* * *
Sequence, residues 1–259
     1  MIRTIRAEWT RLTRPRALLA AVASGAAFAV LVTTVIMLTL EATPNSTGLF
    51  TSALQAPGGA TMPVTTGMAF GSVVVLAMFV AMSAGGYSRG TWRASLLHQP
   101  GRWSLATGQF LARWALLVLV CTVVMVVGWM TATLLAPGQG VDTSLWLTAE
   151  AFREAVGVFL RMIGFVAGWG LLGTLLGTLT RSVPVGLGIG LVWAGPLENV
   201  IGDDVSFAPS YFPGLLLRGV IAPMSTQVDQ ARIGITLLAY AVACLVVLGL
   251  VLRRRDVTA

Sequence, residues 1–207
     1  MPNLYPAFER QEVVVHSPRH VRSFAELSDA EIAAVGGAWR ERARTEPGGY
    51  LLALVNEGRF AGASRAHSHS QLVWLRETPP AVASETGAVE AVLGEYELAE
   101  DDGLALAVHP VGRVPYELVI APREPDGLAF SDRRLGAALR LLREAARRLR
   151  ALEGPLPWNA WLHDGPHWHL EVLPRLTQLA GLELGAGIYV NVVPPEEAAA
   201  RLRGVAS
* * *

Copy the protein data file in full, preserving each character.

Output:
Sequence, residues 1–259
     1  MIRTIRAEWT RLTRPRALLA AVASGAAFAV LVTTVIMLTL EATPNSTGLF
    51  TSALQAPGGA TMPVTTGMAF GSVVVLAMFV AMSAGGYSRG TWRASLLHQP
   101  GRWSLATGQF LARWALLVLV CTVVMVVGWM TATLLAPGQG VDTSLWLTAE
   151  AFREAVGVFL RMIGFVAGWG LLGTLLGTLT RSVPVGLGIG LVWAGPLENV
   201  IGDDVSFAPS YFPGLLLRGV IAPMSTQVDQ ARIGITLLAY AVACLVVLGL
   251  VLRRRDVTA

Sequence, residues 1–207
     1  MPNLYPAFER QEVVVHSPRH VRSFAELSDA EIAAVGGAWR ERARTEPGGY
    51  LLALVNEGRF AGASRAHSHS QLVWLRETPP AVASETGAVE AVLGEYELAE
   101  DDGLALAVHP VGRVPYELVI APREPDGLAF SDRRLGAALR LLREAARRLR
   151  ALEGPLPWNA WLHDGPHWHL EVLPRLTQLA GLELGAGIYV NVVPPEEAAA
   201  RLRGVAS